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I am trying to modify a value in an array using the C programming language and I seem to be hitting a blank wall with this seemingly easy operation. Please see code snippet below:

while(1) {
        printf("Current prime candidate is %i\n",nextPrimeCandidate);
        int innerSieve;//=2;
        int currentPrimeCandidate=0;

        for (innerSieve=2;innerSieve<SIEVELIMIT;innerSieve++) {
            currentPrimeCandidate = nextPrimeCandidate * innerSieve;
            //printf("Inner Sieve  is b4 funny place %i,%i\n",innerSieve,currentPrimeCandidate);

            //initArray[currentPrimeCandidate]=5;
            //VERY UNIQUE LINE
            myArray[currentPrimeCandidate] = 0;



            //printf("Inner Sieve after funny place is %i,%i \n",innerSieve,currentPrimeCandidate);

        }
        nextPrimeCandidate=getNextPrimeCandidate(myArray,++nextPrimeCandidate);
        if ((nextPrimeCandidate^2) > SIEVELIMIT ) break;

    }

The problem is with the line highlighted with the VERY UNIQUE LINE comment. For some reason, when the innerSieve variable reaches 33 and gets to that line, it sets the contents of the innerSieve variable to the value of that line ( which currently is 0) and basically forces the loop into an infinite loop( the SIEVELIMIT variable is set at 50). It seems that there is some funny stuff going on in the registers when I checked using the Eclipse Debug facility but I am not too sure what I should be looking for.

If you need the whole code listing, this can be provided.( with a particular variable which is not yet initialised in the code being initialised at the precise point that the innerSieve variable hits 32)

Any help will be greatly appreciated.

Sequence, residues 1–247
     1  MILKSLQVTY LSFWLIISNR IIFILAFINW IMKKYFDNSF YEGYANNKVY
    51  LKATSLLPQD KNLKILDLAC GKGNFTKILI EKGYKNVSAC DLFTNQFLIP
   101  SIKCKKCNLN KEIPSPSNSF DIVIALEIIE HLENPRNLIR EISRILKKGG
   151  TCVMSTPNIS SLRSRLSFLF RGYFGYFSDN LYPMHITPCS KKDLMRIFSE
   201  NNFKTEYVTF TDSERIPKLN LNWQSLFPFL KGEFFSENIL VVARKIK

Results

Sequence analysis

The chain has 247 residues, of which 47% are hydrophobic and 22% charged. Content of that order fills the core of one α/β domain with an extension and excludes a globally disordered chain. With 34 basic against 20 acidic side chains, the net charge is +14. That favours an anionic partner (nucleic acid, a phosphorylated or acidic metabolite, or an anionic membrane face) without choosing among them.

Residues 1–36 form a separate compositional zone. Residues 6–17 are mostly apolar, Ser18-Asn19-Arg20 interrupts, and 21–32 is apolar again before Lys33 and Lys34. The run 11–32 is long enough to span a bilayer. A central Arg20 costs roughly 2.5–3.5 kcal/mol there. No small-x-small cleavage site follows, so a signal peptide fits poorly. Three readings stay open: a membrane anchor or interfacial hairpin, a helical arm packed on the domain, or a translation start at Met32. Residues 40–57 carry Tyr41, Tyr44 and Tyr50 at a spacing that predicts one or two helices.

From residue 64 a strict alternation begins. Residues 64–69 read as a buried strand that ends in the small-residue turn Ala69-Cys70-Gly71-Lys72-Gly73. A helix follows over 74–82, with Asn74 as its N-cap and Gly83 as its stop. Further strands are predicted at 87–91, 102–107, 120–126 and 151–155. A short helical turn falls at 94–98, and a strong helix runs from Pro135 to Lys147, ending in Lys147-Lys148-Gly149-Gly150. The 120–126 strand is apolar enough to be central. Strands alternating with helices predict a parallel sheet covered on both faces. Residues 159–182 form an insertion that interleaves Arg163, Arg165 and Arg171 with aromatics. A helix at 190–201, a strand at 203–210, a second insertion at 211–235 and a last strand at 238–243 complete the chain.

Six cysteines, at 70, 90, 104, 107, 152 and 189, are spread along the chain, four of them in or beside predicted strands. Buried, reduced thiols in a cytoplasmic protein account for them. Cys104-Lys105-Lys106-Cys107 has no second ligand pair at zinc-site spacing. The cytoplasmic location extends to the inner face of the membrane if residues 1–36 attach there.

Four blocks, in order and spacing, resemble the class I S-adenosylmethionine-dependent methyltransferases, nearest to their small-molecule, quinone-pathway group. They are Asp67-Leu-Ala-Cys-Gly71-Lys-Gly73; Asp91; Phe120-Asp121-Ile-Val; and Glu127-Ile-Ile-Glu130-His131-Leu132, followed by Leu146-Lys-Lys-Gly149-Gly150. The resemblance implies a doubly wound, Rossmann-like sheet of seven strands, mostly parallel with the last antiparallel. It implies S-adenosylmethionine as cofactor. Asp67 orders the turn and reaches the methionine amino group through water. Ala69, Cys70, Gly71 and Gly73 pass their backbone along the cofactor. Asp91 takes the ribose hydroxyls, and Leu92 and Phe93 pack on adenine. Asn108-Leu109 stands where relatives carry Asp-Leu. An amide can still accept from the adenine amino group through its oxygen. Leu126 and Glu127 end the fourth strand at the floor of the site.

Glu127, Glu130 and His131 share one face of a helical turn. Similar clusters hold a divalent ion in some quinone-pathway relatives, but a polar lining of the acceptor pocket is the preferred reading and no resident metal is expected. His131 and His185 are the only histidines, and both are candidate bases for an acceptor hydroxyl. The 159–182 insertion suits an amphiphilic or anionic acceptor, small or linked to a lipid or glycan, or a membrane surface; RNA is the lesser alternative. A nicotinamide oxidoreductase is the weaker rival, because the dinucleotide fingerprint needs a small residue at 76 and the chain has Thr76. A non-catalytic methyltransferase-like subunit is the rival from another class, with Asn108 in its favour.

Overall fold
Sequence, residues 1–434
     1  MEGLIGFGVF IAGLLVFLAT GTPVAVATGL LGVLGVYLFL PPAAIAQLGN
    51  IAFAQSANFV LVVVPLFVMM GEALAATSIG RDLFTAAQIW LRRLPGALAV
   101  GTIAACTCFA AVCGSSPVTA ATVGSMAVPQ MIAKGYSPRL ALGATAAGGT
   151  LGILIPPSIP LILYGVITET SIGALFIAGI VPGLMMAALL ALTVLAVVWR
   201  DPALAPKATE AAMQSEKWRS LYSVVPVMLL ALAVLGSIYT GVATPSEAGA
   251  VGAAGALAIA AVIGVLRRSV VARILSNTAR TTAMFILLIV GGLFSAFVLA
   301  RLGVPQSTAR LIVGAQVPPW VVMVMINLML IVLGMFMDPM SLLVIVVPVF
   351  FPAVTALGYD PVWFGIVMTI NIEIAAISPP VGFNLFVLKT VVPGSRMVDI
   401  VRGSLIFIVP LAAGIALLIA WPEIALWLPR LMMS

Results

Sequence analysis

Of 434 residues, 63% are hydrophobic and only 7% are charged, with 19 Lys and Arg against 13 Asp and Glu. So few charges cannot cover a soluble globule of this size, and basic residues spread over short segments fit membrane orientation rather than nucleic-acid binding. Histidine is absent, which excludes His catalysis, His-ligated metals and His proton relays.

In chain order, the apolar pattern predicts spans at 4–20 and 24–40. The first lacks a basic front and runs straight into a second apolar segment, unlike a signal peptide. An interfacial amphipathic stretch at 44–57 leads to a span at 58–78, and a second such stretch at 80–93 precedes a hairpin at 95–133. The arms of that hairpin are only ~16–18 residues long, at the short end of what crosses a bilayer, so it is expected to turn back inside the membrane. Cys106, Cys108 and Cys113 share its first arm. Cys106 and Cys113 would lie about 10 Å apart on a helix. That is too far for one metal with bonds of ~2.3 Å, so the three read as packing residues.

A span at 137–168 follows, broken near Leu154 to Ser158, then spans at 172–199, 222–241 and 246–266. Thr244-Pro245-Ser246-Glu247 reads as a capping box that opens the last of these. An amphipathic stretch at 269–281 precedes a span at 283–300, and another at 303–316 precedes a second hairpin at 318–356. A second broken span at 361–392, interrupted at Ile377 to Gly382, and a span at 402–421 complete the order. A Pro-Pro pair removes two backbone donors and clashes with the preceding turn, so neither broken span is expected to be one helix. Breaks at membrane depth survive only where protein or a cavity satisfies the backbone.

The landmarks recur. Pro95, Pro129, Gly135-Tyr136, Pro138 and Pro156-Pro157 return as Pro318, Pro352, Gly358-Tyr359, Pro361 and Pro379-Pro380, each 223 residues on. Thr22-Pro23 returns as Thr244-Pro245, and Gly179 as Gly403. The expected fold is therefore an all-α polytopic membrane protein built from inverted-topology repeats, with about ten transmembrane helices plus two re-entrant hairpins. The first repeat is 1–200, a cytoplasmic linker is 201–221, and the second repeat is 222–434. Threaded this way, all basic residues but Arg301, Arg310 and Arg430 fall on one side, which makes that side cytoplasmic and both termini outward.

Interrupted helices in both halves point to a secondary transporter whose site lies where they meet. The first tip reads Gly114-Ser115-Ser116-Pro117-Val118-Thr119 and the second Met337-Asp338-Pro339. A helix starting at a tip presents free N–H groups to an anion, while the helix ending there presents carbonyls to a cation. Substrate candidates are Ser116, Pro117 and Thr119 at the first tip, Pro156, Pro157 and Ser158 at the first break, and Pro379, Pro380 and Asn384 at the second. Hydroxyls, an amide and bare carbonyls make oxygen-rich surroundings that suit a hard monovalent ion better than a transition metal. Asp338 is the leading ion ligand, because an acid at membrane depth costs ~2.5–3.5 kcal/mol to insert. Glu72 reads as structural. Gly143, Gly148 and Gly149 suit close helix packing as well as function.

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2  
And what does if ((nextPrimeCandidate^2) > SIEVELIMIT ) break; means? –  ruslik Nov 30 '10 at 0:44
    
I apparently was trying to check if nextPrimeCandidate raised to the power of 2 was greater than SIEVELIMIT but after reading Adam Rosenfields answer below, I should really forget my JAVA experience when dealing with C –  Kris Ogirri Nov 30 '10 at 16:39

2 Answers 2

up vote 4 down vote accepted

Guessing that currentPrimeCandidate is greater than the maximum index of myArray, and you're overwriting innerSieve (which likely follows myArray on the stack).

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Yep, in your inner loop try limiting by SIEVE_LIMIT (that should be the actual length of the array!) the value of currentPrimeCandidate , and not of innerSieve . –  ruslik Nov 30 '10 at 0:47

@ruslik hit on it in the comment. The problem is this line:

if ((nextPrimeCandidate^2) > SIEVELIMIT ) break;

In C, the ^ operator is not the power operator, it is the bitwise xor operator. You're iterating far too many times than you intend, which is resulting in an array-index-out-of-bounds error, so you're overwriting random memory and getting strange results.

There is no power operator in C (though there is the pow function). Since you're just squaring a number, the simplest fix is to multiply the number by itself:

if ((nextPrimeCandidate * nextPrimeCandidate) > SIEVELIMIT ) break;
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I actually did not know that C has no explicit power operator! I had actually fixed the problem with tomlogics answer but now that you have added this, I might need to go back and review what I did. Thanks! –  Kris Ogirri Nov 30 '10 at 16:35

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